Appointments typically are made for three-year terms with no one serving more than two full consecutive terms.
The newest BER, which was appointed by the Board of County Commissioners in April, has already seen positive results from recent improvements made to their appeals process. Among the changes: “Appellants” (or people disputing their property tax assessments) are now assigned a specific time for their hearing, rather than just arriving on the day of their hearing and having to wait. County appraisal staffers are also contacting appellants to discuss their cases before any hearing takes place.
“In many cases, this has resolved differences before the hearing,” said Eric Anderson, deputy tax assessor. “It’s a time-saver for the taxpayer and members of the BER.”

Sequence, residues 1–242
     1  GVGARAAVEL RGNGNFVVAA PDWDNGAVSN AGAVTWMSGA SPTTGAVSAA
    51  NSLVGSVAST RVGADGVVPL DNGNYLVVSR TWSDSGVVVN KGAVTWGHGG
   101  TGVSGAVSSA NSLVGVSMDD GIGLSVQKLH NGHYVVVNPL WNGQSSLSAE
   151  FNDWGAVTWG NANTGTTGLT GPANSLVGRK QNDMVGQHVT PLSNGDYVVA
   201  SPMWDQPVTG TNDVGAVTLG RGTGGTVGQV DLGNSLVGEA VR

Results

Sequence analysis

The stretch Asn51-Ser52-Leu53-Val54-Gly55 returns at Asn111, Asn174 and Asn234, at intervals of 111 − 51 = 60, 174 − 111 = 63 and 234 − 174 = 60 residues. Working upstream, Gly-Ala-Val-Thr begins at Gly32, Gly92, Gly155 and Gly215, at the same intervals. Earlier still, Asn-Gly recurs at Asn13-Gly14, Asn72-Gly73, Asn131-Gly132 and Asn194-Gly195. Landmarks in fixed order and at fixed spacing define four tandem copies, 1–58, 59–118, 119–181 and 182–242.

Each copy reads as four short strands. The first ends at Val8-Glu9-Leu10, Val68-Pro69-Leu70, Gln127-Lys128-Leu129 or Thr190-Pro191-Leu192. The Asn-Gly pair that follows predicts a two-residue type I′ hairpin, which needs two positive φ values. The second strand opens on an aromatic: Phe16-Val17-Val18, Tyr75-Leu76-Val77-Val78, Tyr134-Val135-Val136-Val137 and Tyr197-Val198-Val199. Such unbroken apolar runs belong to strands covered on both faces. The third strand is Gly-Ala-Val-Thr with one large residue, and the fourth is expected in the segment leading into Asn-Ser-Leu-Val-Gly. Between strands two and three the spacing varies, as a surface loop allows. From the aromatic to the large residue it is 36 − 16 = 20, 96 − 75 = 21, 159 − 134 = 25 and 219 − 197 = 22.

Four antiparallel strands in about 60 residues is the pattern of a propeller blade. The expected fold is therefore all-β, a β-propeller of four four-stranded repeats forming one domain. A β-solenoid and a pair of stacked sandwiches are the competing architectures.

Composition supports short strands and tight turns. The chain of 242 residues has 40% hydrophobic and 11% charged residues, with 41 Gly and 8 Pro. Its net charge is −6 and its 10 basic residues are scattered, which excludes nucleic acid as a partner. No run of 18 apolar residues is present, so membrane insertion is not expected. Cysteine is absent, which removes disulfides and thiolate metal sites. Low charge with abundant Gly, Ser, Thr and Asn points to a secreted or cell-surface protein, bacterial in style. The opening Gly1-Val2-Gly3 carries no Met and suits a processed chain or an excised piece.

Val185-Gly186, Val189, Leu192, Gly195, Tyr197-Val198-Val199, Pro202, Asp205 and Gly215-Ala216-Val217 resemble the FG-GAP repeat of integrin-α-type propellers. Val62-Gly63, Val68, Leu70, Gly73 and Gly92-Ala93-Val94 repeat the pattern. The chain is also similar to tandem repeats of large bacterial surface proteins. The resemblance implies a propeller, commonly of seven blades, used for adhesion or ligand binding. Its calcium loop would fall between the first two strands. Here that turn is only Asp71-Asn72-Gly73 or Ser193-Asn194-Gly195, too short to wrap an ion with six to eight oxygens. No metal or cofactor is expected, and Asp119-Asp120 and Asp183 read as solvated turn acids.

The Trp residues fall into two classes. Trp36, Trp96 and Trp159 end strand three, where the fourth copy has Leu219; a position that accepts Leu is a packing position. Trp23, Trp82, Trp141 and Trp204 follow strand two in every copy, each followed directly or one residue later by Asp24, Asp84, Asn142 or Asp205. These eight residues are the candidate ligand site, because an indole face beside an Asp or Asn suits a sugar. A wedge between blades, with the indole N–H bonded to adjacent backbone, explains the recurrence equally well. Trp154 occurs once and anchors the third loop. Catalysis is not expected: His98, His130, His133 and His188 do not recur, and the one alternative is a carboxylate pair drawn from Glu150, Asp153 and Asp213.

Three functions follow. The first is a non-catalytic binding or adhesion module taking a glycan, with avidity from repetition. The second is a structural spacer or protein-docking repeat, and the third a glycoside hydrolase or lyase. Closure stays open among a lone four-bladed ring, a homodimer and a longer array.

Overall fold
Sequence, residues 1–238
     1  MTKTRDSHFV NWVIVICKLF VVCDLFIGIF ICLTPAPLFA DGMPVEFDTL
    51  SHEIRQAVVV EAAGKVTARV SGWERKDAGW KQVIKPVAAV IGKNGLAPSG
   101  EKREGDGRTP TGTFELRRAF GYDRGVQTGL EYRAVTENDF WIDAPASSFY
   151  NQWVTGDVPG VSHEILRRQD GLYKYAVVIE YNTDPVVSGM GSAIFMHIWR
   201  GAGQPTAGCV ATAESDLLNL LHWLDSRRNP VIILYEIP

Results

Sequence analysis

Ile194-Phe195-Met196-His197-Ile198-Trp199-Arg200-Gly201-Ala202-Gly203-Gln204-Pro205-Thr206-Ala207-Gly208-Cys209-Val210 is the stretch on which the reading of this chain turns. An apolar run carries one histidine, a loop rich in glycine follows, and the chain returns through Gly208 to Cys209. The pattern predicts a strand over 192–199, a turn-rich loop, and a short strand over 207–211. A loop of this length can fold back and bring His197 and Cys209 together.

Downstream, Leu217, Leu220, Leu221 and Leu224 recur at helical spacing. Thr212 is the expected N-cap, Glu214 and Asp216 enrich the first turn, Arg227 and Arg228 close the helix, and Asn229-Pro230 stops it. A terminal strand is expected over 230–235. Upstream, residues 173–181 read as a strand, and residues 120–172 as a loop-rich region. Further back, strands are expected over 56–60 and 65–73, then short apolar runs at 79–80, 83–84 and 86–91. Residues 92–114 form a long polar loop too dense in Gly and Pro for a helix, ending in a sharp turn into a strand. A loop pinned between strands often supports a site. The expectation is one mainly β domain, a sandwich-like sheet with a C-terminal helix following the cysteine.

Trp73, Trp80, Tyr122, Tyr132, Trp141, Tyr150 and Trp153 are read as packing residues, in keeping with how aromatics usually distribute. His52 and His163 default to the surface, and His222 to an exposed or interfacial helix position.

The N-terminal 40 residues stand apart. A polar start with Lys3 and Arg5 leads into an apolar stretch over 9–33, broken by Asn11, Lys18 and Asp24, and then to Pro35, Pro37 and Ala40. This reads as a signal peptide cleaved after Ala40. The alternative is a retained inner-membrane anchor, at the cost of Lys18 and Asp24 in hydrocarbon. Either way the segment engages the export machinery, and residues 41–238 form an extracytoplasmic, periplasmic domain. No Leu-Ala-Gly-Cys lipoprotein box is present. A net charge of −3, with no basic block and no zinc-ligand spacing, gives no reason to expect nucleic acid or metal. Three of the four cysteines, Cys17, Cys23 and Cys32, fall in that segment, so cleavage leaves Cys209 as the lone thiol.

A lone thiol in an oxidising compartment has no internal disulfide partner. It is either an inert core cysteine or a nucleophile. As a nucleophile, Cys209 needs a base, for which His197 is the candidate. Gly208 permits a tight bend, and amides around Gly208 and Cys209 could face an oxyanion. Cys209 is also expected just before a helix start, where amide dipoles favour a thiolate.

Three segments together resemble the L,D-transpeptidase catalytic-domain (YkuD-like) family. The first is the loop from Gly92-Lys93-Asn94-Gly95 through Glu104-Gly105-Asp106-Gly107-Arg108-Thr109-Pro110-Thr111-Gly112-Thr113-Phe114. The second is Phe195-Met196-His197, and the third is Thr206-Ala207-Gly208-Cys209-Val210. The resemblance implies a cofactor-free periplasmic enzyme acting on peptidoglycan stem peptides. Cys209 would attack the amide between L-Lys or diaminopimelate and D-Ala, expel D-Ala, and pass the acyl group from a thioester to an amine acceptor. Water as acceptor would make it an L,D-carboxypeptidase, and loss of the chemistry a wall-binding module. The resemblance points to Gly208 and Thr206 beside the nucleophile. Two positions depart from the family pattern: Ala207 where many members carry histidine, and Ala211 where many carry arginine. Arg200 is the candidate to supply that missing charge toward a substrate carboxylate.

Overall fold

It’s about increased efficiency, too, Anderson said. More than 300 cases from the 2012 tax year have been heard since the beginning of August, and the BER expects to start on 2013 appeals later in the fall. The BER has been meeting Tuesday through Thursdays every week.
Customer service is the cornerstone of the “new” BER, Anderson added -- from first contact with the customer to follow-through after they go through their appeal.
Earlier this year, the Board of County Commissioners added a customer satisfaction survey to the process, which taxpayers are being offered as they attend the BER meeting. Appellants are asked to offer feedback on their experiences with both the Assessor's Office staff prior to the hearing as well as their experience during the hearing itself.
Overall, it’s just a better experience for customers, Anderson added.
“The initial responses from the public and the new members of the BER have been positive,” he said.
Questions about the appeal process or the Board of Equalization and Review? Visit the Assessor’s Frequently Asked Questions or call 311.